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A culture assessment can only be useful

Author: ICAEW Insights

Published: 10 May 2021

Corporate culture is often forgotten in the rush to determine internal rules. If we are to understand the big questions around trust in business, shouldn’t culture metrics be in place?

Do we need organisations of all types to generate culture assessments if they are to engender trust? Be it shareholders, investors, board members, staff, customers, suppliers – they could all benefit from an assessment of a company’s culture if they are to make their own rounded and comprehensive views of a company.

This is the point of view of Jenny Jones, a member of ICAEW’s Business and Management Faculty Board. She points out that in recent years there have been several large-scale corporate collapses following an audit that showed little sign of imminent failure, but perhaps an audit itself is only half of the equation; perhaps the other half relates to a review of a company’s culture that reveals what is holistically going on inside a business.

Much of the work in this area has been undertaken from a risk perspective, says Jones. What has been discovered is that corporate culture is often forgotten in the rush to determine internal rules.

“It surprises me that internal audit and finance directors don’t get more involved in the corporate culture question, but it is the ultimate area of risk,” says Jones. “It only takes a few people to make a better decision and achieve a better outcome.” Of course, the reverse is true also.

Worryingly, we have seen from high-profile business failures that it is often well-intentioned individuals making a bad decision due to pressure from within the organisation. One poor decision can often lead to another – perhaps to cover up the first poor decision – and then this can follow a spiral downward.

“Pressurising somebody to do something often occurs because that is part of the culture of the organisation,” says Jones. “If the company’s culture revolved around high integrity, the chances are the first bad decision would be disclosed and there would be no slippery slope.”

Accessible, third-party metrics that can benchmark behaviours and deliver values-driven insights into what is happening on the ground is the way forward, she points out. 

Jones then turns to the leadership: “Leaders often perceive they think they know what’s going on inside an organisation, but a culture assessment is based on personal values from staff, the protection of current culture and the desired culture from employees. The information actually comes from employees. It’s about them and the people they work with.”

The revelatory information, she says, sits at the correlation of these culture assessments and actual performance metrics. This is the information that tells you the most about what is truly happening inside an organisation. “You may have a very high performing team, but if there is a very low performing culture assessment as a consequence of various pressures, that high performance may not be sustainable and there could be a huge negative impact,” she says.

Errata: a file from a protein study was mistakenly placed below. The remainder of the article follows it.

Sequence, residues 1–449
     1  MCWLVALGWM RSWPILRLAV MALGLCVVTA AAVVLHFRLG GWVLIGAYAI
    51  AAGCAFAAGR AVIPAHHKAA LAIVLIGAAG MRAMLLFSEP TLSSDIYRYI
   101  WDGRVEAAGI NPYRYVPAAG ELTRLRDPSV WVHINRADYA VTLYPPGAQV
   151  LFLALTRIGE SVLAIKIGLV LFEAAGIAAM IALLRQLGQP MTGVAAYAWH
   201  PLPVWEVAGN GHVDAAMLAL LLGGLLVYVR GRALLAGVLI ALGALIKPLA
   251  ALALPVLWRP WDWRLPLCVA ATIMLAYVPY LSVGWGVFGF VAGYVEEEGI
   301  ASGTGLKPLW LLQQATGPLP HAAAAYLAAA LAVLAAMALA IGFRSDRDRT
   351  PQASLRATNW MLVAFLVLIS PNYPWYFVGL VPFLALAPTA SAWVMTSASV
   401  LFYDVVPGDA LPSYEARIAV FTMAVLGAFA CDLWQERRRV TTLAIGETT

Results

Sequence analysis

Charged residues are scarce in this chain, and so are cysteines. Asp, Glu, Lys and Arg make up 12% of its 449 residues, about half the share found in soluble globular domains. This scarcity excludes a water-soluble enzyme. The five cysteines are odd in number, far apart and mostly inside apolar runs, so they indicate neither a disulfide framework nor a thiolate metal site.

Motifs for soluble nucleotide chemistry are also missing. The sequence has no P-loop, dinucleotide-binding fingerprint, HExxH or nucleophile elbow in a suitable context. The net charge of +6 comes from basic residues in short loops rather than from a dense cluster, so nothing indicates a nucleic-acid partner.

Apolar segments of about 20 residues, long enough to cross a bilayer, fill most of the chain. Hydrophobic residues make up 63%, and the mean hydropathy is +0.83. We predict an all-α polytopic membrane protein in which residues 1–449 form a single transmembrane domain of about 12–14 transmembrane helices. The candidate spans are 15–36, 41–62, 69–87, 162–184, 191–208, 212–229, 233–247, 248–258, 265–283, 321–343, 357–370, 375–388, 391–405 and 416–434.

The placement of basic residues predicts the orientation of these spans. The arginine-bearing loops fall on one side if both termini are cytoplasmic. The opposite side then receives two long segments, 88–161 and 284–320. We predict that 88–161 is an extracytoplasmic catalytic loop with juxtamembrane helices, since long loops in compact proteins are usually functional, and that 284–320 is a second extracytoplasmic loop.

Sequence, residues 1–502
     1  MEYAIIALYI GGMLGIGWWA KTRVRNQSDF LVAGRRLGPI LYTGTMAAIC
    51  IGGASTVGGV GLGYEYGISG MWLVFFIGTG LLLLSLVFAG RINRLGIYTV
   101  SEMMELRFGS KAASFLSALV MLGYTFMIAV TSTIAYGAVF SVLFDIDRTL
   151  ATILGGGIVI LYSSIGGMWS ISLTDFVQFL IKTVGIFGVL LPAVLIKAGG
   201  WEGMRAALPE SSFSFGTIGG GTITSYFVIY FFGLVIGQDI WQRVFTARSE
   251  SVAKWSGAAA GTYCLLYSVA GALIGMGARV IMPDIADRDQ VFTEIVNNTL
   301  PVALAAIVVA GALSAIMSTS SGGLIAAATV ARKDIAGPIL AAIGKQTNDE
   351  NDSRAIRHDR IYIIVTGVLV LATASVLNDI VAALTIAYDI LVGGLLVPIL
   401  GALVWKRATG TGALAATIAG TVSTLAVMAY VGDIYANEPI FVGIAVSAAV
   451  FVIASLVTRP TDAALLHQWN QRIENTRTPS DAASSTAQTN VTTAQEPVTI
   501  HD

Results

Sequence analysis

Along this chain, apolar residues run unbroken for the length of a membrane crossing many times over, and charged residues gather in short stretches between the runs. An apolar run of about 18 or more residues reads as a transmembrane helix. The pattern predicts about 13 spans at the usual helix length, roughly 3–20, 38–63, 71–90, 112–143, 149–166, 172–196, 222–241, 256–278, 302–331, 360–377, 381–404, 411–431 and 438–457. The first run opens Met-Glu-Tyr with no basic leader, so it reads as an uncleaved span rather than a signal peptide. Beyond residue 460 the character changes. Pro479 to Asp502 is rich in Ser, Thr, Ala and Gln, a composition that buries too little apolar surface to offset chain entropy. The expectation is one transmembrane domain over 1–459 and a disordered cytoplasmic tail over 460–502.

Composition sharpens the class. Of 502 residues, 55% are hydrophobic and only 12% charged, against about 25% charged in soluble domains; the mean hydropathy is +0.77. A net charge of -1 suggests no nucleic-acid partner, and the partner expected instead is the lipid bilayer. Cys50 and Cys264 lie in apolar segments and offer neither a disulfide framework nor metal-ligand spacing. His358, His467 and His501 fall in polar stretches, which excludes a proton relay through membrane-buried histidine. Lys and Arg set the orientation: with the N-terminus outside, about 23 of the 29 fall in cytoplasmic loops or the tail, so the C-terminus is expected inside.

Jones is vocal about working with purpose, with the appropriate processes and being people-centric: “We need companies to move to purpose,” she says “so that everybody feels a sense of belonging. If somebody doesn't have a purpose for being in that company, their behaviours might be more erratic.” She points out that beliefs drive values, values drive behaviours and behaviour drives decisions. In addition, she says that purpose plus inclusive stakeholder focus and management that is conscious of corporate culture will give you sustainable performance.

Jones is emphatic that the two key drivers of culture is leadership and managing it. “A lot of companies are doing their own metrics in this area, but the leadership piece is key,” she says. “But the concept of corporate culture is so huge that leaders often don’t know where to start, or they don’t think measuring it is actually valuable.”

She continues: “If leaders don’t know how to go about this work, they may become reactive, not proactive. That applies to a lot of businesses. But values-driven organisations will be more sustainable. In being more sustainable, the business will have a positive impact on the world because, as it evolves its values, a company will probably make a difference to society.”

We know from experience that leaders tend to create leadership appointments within their organisation in their own likeness, which is a contributing factor to the diversity and inclusion debate. “The journey towards enhanced diversity and inclusion is all part of the culture. Leaders can isolate crucial issues like this, but they still need to look at corporate culture in its entirety,” she says. “Otherwise leaders are just picking away at the problem.”

Jones reminds us that corporate culture is all about human behaviour. People behave in extraordinary ways and we all assess integrity differently. “With whistleblowing, for example, there is a very big danger that people don't want to hear it because it rocks the boat if the culture is not open and honest. But there is always going to be a place for whistle-blowers and a good organisational culture will support them.”

She says that large tracts of corporate culture still refer back to the 1920s with the advent of mass manufacture and production lines. “People were treated like replaceable parts because they just performed a function and were not valued. The world's not like that anymore,” she says. “This is the time to reflect on what's to come.”

Why culture is important and the power of culture metrics

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